# Deriving energy-momentum tensor in Schwartz QFT

I don't understand how to derive the chain of equalities right after equation (3.31):

We are told $$\frac{\delta \phi}{\delta \xi^\nu} = \partial_\nu \phi\tag{3.30}$$ and $$\frac{\delta \mathcal{L}}{\delta \xi^\nu} = \partial_\nu \mathcal{L}\tag{3.31},$$ and I'm confused about the line immediately following it:

"Since this is a total derivative, $$\delta S = \int d^4 x \delta \mathcal{L} = \xi^\nu \int d^4 x \partial_\nu \mathcal{L} = 0 \ldots$$"

1. We have $$\frac{\delta \mathcal{L}}{\delta \xi^\nu} = \partial_\nu \mathcal{L} \rightarrow \delta \mathcal{L} = \partial_\mu \mathcal{L} \delta \xi^\nu$$, so why don't we have $$\int d^4 x \delta \mathcal{L} = \delta \xi^\nu \int d^4 x \delta_\mu \mathcal{L}$$ instead of $$\int d^4 x \delta \mathcal{L} = \xi^\nu \int d^4 x \delta_\mu \mathcal{L}$$?

2. Why is $$\partial_\nu \mathcal{L}$$ a total derivative? Isn't it a partial derivative $$(\partial_t, \partial_x, \partial_y, \partial_z)$$?

Later in the page, we go from $$\partial_\nu L = \partial_\mu \left(\sum_n \frac{\partial L}{\partial(\partial_\mu \phi_n)} \partial_\nu \phi_n \right)\tag{3.33}$$ to $$\partial_\mu \left(\sum_n \frac{\partial L}{\partial(\partial_\mu \phi_n)} \partial_\nu \phi_n - g_{\mu \nu} L\right) = 0,\tag{3.34}$$ which seems to suggest $$\partial_\nu L = \partial_\mu g_{\mu \nu} L$$.

1. Why is $$\partial_\nu L = \partial_\mu g_{\mu \nu} L$$ true? I realize it looks like a contraction, but if someone could write out the mathematical details that would be super helpful.

1. We have $$\frac{\delta \mathcal{L}}{\delta \xi^\nu} = \partial_\nu \mathcal{L} \rightarrow \delta \mathcal{L} = \partial_\mu \mathcal{L} > \delta \xi^\nu$$, so why don't we have $$\int d^4 x \delta \mathcal{L} = > \delta \xi^\nu \int d^4 x \delta_\mu \mathcal{L}$$ instead of $$\int d^4 > x \delta \mathcal{L} = \xi^\nu \int d^4 x \delta_\mu \mathcal{L}$$?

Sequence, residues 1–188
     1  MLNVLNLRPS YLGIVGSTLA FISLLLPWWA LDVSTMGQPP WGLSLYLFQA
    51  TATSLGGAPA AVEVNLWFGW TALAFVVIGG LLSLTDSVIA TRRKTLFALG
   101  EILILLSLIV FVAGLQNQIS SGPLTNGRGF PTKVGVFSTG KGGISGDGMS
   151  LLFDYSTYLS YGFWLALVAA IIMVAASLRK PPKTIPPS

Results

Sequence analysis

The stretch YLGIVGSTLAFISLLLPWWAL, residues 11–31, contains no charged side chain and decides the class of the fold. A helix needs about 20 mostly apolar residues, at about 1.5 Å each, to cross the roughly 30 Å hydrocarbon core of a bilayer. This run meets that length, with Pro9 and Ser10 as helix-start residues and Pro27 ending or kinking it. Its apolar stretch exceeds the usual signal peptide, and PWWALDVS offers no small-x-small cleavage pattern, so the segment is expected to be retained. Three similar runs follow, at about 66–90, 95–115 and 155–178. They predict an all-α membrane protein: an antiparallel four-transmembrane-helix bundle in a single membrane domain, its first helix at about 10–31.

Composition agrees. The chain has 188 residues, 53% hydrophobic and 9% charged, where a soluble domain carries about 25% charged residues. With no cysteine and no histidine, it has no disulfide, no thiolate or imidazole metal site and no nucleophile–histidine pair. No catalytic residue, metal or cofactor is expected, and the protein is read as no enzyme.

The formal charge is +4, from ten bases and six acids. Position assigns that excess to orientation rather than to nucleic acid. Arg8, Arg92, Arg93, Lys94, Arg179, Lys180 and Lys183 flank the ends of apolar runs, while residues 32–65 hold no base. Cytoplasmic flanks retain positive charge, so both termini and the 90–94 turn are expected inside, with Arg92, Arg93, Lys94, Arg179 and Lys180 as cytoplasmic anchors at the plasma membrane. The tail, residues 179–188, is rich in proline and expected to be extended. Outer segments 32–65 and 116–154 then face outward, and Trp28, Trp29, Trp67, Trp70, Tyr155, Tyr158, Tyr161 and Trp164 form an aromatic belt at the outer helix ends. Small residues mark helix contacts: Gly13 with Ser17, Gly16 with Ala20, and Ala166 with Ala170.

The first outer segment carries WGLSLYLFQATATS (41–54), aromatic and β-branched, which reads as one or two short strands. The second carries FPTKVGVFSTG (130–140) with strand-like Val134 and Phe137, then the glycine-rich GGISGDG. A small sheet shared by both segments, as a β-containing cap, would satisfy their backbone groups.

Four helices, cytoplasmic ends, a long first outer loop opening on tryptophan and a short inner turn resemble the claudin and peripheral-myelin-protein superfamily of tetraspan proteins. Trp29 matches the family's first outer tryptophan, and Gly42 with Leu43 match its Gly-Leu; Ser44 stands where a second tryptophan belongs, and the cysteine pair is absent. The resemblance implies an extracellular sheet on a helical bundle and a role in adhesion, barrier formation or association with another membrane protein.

Once you "break" the differentiation fraction, and you turn $$\delta \mathcal{L}$$ and $$\delta \xi$$ into finite differences ($$\neq$$ infinitesimal), then they are just variables. Just rename $$\delta\xi^\nu \rightarrow \xi^\nu$$. It's like renaming $$\delta x\rightarrow x$$ in a Taylor expansion.

1. Why is $$\partial_\nu \mathcal{L}$$ a total derivative? Isn't it a partial derivative $$(\partial_t, \partial_x, \partial_y, \partial_z)$$?

$$\partial_\nu \mathcal{L}$$ on its own is just a component of the four-dimensional derivative, as you are pointing out.

But the differential $$\delta \mathcal{L}$$ is written as a contraction $$\xi^\nu \partial_\nu \mathcal{L}$$ which involves all partial derivatives and is hence a total derivative. This is the same as the usual $$\mathrm{d}f = \nabla f \cdot \mathrm{d}\mathbf{r} = \partial_x f \,\mathrm{d}x + \dots$$

1. Why is $$\partial_\nu L = \partial_\mu g_{\mu \nu} L$$ true? I realize it looks like a contraction, but if someone could write out the mathematical details that would be super helpful.

You need to change $$\partial_\nu$$ into $$\partial_\mu$$.

You can contract with the metric once to get $$g^{\lambda\nu}\partial_\nu = \partial^\lambda$$ to get a contravariant derivative, and then contract again to get it covariant: $$g_{\mu \lambda}\partial^\lambda = \partial_\mu$$.

Combined: $$\partial_\mu = g_{\mu \lambda}g^{\lambda\nu }\partial_\nu = \delta^{\nu}_ {\mu}\partial_\nu.$$

I realise now, though, that I am not quite sure how to turn the last line into $$g_{\mu \nu}$$... it might be a typo though (?) because the other term has a contracted $$\mu$$ index, so this one cannot have a free $$\mu$$...

Equation 3.33 or its equivalent 3-34 is simply the Euler Lagrange equation for your system The expression 3-34 is the quadridivergence of the moment energy tensor, it is null indicating the energy moment conservation law